Adult acne requires treatment. Fortunately, we have increasing options that include alternatives to antibiotics.
NEW YORK (PRWEB) January 03, 2019
An increasing number of adults can no longer count on pimple-free skin as a perk of aging. “Adult acne is on the rise,” notes Dr. Meryl Joerg, a dermatologist with Advanced Dermatology PC. “And it can carry serious psychological tolls: depression and disruption of our ability to fully participate in life.”
The statistics are staggering: In the United States, the American Academy of Dermatology (AAD) reports that as many as 50 million people have acne, which in its severe form can be disfiguring and leave scars.
While researchers are still piecing together the puzzle of what causes the condition, we know genetics and hormones are involved. Most adults with acne are women, who experience hormonal fluctuations as they age. Overall, 15 percent of women experience acne – and they count for one in three acne-related visits to the dermatologist. For these patients, research shows that acne can be more distressing than it is for younger people. (cause even deeper levels of distress than for young people.)
“Clearly,” observes Dr. Joerg, “adult acne requires treatment. Fortunately, we have increasing options that include alternatives to antibiotics.”
Antibiotics have been a front line treatment due to the role of the bacteria p. acnes. “If our skin’s regenerative cycle is disrupted,” explains Dr. Joerg, “sebum, the skin’s oil, can trap dead skin cells – and an acne lesion (a pimple) forms. And if we have too much p. acnes – a normally occurring skin bacteria – this triggers an inflammatory cascade that causes more serious acne.”
If antibiotics are to be used, the AAD recommends that patients be prescribed limited courses – and that antibiotics be paired with other treatments. “Our understanding of the potential for antibiotic-resistant bacteria underscores the need for other options,” says Dr. Joerg. “Fortunately, there are many effective non-antibiotic treatments available.”
With that in mind, Dr. Joerg makes the following suggestions:
6 Tips to Clear Adult Acne without Antibiotics:
1. Learn the ABCs of the OTCs: “For adults with mild to moderate acne,” says Dr. Joerg, “there are very effective non-antibiotic over-the-counter treatments. Some – like benzoyl peroxide – address the bacteria. Others – like salicylic acid – address clogged pores. Often a dual approach is effective. But it can take up to two months for these medications to make a difference, so being patient is important.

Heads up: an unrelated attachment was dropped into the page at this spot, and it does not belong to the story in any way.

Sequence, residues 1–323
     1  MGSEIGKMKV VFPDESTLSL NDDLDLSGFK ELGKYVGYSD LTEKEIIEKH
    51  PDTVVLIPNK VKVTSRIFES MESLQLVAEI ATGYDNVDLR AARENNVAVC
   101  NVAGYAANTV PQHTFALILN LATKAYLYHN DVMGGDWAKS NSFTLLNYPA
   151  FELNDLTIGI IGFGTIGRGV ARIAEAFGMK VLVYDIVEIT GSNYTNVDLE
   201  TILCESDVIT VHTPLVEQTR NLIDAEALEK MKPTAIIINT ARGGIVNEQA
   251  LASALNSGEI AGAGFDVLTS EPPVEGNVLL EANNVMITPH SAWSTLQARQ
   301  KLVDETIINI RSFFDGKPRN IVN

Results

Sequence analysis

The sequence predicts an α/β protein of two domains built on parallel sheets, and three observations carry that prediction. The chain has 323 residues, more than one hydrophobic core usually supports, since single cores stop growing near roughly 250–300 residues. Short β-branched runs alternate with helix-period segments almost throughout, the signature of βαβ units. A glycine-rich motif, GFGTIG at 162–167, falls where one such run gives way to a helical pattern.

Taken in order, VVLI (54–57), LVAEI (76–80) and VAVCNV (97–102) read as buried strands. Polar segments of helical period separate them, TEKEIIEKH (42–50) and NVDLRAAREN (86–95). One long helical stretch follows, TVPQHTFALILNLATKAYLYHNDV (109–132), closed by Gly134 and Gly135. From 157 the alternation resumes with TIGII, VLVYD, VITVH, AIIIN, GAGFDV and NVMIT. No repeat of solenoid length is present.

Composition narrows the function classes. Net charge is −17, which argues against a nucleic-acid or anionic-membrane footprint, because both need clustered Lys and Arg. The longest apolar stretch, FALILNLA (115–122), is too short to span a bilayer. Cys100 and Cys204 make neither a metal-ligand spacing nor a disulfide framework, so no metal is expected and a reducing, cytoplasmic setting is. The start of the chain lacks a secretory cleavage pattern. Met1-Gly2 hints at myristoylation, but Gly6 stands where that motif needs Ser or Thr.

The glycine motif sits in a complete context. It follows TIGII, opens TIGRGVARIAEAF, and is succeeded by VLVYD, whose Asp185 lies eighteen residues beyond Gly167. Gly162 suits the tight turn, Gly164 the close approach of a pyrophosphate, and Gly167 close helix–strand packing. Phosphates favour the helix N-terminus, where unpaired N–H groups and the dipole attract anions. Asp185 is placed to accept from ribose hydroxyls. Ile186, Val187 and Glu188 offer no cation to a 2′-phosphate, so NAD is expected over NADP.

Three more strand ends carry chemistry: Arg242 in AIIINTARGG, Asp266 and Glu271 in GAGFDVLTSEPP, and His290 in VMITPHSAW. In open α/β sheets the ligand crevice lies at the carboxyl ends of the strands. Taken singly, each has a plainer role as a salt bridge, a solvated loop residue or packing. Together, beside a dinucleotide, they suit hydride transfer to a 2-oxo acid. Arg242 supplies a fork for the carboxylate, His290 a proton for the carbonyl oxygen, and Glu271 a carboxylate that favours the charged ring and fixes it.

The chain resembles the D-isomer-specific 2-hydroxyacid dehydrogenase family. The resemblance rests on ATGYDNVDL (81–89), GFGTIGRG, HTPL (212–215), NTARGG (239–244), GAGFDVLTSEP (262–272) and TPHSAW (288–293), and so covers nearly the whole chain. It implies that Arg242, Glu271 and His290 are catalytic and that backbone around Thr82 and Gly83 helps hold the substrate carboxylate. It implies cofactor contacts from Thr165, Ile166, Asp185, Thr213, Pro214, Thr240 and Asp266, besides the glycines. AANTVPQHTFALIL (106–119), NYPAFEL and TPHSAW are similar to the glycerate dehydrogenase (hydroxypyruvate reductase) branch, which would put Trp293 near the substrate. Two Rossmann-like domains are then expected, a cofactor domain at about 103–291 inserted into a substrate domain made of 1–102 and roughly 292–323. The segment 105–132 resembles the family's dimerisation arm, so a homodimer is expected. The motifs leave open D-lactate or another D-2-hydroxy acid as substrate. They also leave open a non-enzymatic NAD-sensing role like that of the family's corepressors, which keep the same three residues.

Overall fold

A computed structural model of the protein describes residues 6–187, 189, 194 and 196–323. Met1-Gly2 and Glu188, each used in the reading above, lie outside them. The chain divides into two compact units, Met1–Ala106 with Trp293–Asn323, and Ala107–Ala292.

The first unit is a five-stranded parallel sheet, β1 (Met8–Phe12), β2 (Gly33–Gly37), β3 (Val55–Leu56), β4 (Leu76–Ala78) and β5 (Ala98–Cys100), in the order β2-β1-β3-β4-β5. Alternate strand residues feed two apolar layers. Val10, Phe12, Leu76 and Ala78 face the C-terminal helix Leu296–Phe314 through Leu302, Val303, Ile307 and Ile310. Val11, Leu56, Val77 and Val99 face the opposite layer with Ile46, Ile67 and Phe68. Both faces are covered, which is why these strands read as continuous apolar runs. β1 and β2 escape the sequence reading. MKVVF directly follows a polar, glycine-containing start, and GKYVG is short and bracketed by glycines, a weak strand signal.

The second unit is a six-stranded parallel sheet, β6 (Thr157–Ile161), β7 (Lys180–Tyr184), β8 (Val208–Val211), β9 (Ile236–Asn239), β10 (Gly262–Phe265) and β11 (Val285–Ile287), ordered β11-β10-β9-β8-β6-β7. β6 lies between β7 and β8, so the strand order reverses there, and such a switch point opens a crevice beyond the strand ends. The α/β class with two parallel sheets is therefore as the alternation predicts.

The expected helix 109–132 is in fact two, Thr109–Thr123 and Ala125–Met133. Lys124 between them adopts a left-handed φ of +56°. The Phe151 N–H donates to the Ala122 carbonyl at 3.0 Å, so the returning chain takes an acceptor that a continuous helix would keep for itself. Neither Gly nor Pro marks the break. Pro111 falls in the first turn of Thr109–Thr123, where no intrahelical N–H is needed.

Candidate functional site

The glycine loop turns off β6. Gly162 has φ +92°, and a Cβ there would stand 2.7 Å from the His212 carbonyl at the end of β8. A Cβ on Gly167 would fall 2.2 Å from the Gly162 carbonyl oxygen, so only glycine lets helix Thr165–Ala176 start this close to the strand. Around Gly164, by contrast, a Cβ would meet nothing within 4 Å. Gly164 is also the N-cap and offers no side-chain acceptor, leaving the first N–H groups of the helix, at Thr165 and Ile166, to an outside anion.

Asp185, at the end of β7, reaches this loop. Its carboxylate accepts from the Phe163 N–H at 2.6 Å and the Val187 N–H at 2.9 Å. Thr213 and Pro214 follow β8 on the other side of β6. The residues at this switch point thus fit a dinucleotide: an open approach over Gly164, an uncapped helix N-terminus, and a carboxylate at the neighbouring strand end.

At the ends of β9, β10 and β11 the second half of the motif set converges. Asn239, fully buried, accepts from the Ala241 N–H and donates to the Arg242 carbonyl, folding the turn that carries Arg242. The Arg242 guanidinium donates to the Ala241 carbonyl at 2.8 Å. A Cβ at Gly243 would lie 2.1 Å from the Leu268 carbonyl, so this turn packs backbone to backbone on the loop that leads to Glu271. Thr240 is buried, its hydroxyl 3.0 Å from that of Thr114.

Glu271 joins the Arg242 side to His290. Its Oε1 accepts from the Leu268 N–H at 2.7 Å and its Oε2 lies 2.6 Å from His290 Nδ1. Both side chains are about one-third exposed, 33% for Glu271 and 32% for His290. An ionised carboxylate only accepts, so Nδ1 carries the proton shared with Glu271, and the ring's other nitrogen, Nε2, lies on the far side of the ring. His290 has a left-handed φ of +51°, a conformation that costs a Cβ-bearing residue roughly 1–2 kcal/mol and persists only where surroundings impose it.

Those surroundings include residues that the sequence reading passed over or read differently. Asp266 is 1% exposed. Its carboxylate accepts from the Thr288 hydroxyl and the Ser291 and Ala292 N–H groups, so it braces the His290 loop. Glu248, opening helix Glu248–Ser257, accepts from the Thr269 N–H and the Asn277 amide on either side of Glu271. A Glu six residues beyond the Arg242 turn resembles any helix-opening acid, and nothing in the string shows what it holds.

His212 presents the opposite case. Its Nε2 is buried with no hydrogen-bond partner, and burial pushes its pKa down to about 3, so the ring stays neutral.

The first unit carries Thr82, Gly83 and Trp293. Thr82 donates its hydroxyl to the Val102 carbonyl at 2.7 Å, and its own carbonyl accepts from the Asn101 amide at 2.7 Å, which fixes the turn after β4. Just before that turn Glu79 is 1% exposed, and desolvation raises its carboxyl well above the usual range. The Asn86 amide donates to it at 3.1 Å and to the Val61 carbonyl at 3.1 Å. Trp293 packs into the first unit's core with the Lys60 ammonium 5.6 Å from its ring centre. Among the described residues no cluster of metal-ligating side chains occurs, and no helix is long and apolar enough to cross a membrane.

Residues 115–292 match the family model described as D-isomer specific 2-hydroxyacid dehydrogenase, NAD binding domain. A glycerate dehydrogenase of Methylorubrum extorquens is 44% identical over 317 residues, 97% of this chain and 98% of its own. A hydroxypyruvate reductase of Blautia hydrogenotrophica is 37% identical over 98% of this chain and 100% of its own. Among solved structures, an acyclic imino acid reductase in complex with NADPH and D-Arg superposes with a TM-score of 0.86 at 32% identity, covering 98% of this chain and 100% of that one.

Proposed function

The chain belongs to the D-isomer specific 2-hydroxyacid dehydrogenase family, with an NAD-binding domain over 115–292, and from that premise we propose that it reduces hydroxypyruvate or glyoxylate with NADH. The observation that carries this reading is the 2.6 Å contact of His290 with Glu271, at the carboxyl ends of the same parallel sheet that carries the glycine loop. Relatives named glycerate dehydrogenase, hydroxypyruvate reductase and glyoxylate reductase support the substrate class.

2. Treat problem skin with a gentle touch: “We can’t scrub acne away,” observes Dr. Joerg. “In fact, over-cleansing will exacerbate problem skin by stripping essential oils. Using gentle, non-soap cleansers is key, as is moisturizing. Patients should look for the term ‘non-comedogenic,’ which means that the product has been designed so that it doesn’t clog pores.”
3. For serious acne, consider seeing a doctor: “Typically, over-the-counter treatments are not suited for serious acne,” explains Dr. Joerg. This is when the dermatologist can help. We have a range of non-antibiotic treatments, from prescription-level topical applications to procedures such as lasers. For severe acne, we can also prescribe the oral retinoid isotretinoin, which has unmatched success – though patients need to be aware of its side effects. An experienced dermatologist can help adults make informed choices and find relief.”
4. For women, hormones can help: “Our understanding of hormones’ role,” states Dr. Joerg, “has supported our ability to use combined oral contraceptives to treat women. Modulating the levels of female hormones can adjust the androgens that are tied to acne.”
5. Remember: Acne’s after-effects can be treated, too: “Acne can result in scarring and discoloration,” notes Dr. Joerg. “Procedures such as lasers and chemical peels can help alleviate the damage.”
6. Stay posted: New treatments are on the horizon: “It’s exciting,” says Dr. Joerg. “Research is giving us a nuanced understanding of the biochemical processes involved, which will hopefully open the doors to new non-antibiotic ways to treat and prevent acne.”
“The idea that acne is an adolescent skin problem,” concludes Dr. Joerg, “is a myth. The good news is we can treat it – and we don’t have to rely on antibiotics to do so.”
Meryl Joerg, M.D., is board certified dermatologist with Advanced Dermatology P.C.
Advanced Dermatology P.C. and the Center for Laser and Cosmetic Surgery (New York & New Jersey) is one of the leading dermatology centers in the nation, offering highly experienced physicians in the fields of cosmetic and laser dermatology as well as plastic surgery and state-of-the-art medical technologies. http://www.advanceddermatologypc.com.